In Xinjiang, more than one million Uyghurs and other Muslims—possibly more than two million, USCIRF estimates—have been detained in “re-education” camps with reports of psychological and physical torture. The region is subject to mass surveillance, and Muslims have been arrested for religious practices such as reading from the Quran, growing a beard, or observing Ramadan.
Questions have also arisen about a provisional agreement between the Vatican and China on the appointment of bishops, reached last September, in an attempt to unify the Chinese underground Catholic Church and the state-recognized Chinese Catholic Patriotic Association.
Under the agreement, episcopal candidates can be selected by the Chinese Catholic Patriotic Association for Vatican approval. Cardinal Joseph Zen, the emeritus archbishop of Hong Kong, was among the foremost of critics of the deal, warning that the Chinese government would influence the selection of candidates and the Vatican could be put in the defensive position of having to decline candidates.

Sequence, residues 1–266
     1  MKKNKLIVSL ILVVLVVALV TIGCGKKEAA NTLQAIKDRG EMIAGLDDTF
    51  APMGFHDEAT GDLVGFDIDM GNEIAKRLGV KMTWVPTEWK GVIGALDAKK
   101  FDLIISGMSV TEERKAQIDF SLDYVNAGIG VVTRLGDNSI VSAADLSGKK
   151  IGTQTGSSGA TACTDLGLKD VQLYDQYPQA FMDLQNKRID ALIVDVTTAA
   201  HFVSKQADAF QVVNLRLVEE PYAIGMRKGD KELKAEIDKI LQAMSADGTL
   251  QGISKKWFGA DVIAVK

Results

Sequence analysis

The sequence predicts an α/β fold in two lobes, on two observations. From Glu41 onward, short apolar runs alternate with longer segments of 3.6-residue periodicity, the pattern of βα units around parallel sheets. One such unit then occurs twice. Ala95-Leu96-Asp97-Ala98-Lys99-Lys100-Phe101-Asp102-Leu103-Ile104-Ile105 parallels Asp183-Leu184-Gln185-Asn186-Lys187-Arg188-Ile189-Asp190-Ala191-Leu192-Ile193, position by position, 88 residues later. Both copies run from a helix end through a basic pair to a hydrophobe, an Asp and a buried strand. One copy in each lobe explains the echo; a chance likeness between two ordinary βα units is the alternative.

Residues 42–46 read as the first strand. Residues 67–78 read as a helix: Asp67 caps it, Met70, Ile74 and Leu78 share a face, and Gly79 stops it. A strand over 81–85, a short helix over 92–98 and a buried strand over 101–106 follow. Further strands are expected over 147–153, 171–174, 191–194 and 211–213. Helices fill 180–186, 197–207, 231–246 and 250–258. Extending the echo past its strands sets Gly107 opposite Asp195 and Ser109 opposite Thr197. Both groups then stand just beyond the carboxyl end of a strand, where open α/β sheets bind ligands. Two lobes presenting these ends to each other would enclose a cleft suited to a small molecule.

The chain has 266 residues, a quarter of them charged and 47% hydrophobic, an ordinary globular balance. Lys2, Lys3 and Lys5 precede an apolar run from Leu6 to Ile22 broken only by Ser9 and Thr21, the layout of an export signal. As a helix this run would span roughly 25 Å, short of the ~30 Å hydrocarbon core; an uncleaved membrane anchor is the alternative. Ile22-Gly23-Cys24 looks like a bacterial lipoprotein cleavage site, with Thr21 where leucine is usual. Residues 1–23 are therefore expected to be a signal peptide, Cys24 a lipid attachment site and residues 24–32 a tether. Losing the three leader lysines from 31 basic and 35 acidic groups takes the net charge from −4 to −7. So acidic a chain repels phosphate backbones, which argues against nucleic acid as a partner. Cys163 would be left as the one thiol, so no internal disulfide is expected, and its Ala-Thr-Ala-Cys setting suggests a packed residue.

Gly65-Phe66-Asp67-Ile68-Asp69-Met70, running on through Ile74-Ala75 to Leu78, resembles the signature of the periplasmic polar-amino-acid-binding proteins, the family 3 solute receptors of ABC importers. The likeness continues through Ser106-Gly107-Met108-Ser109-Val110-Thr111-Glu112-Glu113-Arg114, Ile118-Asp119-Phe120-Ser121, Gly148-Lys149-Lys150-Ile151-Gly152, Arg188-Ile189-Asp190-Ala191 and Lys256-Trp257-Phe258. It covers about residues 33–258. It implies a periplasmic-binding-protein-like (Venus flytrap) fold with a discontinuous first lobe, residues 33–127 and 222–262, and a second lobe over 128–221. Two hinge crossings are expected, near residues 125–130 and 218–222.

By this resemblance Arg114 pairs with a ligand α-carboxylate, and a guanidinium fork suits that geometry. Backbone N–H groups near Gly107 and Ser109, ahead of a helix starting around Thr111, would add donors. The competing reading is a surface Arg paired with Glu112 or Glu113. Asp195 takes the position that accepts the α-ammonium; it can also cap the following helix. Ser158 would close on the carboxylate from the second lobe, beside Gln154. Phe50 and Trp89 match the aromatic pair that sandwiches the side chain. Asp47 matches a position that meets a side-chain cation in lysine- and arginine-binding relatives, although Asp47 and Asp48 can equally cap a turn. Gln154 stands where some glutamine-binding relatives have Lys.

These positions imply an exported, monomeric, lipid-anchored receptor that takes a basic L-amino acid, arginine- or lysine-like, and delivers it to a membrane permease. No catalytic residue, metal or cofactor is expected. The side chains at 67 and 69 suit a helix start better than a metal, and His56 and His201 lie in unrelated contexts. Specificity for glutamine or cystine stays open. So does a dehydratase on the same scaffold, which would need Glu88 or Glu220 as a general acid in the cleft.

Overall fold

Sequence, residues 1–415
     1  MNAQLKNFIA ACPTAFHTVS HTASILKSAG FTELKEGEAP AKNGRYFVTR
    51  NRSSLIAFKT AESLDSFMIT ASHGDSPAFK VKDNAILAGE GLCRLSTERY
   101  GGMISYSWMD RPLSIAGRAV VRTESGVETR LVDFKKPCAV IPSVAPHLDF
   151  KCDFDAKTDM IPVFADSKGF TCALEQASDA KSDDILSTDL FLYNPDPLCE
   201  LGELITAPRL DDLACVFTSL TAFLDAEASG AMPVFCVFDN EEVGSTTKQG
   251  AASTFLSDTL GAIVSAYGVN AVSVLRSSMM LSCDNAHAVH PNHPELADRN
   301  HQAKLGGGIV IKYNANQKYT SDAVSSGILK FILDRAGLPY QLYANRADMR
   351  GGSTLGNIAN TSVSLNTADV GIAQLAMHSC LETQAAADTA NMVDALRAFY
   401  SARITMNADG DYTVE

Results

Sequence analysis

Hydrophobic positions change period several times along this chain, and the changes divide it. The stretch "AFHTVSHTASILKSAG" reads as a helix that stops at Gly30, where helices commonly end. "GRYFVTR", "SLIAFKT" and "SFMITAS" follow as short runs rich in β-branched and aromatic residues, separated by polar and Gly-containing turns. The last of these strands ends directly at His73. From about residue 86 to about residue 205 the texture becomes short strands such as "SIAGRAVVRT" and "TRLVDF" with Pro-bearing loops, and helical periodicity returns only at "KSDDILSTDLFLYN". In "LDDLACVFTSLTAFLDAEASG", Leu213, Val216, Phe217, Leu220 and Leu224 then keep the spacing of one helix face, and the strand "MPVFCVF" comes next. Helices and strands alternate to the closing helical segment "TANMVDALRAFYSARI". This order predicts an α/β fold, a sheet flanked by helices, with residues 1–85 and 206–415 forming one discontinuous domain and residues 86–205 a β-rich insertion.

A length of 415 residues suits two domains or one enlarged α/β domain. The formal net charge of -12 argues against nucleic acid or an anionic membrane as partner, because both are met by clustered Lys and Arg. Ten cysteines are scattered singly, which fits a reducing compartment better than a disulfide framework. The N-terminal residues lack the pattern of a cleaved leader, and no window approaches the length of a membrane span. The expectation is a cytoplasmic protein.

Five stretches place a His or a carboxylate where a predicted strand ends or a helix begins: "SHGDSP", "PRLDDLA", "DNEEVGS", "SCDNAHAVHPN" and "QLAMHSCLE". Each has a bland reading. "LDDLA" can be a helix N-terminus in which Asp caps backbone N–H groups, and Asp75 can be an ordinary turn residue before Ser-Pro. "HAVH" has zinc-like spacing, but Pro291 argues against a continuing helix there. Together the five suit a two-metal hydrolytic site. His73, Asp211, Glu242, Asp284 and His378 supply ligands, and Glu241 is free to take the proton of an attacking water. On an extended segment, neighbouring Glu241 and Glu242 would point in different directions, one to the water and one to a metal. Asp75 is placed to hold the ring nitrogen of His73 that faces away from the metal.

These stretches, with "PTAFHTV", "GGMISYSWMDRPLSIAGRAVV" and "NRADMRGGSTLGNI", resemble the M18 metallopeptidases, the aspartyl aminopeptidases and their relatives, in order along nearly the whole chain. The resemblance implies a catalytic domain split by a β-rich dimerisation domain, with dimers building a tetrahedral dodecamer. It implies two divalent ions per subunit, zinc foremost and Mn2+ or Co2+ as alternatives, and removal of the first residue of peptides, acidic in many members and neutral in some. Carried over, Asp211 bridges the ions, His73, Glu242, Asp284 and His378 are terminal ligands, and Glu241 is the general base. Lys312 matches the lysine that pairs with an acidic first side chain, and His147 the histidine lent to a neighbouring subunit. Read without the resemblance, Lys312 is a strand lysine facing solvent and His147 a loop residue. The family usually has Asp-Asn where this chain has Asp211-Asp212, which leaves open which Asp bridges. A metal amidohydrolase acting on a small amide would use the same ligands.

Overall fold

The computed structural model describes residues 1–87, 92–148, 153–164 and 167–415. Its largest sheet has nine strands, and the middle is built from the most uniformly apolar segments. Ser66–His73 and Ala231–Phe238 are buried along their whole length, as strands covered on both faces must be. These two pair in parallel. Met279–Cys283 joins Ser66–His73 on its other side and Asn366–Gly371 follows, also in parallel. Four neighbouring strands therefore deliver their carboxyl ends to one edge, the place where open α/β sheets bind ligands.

The Vatican’s Secretary of State Cardinal Pietro Parolin, however, has expressed optimism that the Holy See and China can work together for the common good in the future.
In an interview with the Global Times—owned by CCP Central Committee’s official newspaper—published on May 12, Parolin said that the Vatican and China, “two ancient, great and sophisticated international entities,” could work to “build a more secure and prosperous world.”
Catholic “inculturation” and “sinicization” could be “complementary,” Parolin said, and they “refer to each other without confusion and without opposition.”
“There is confidence that a new phase of greater cooperation can now be opened for the good of the Chinese Catholic community and the harmony of the whole society,” he said, referring to the deal on bishops.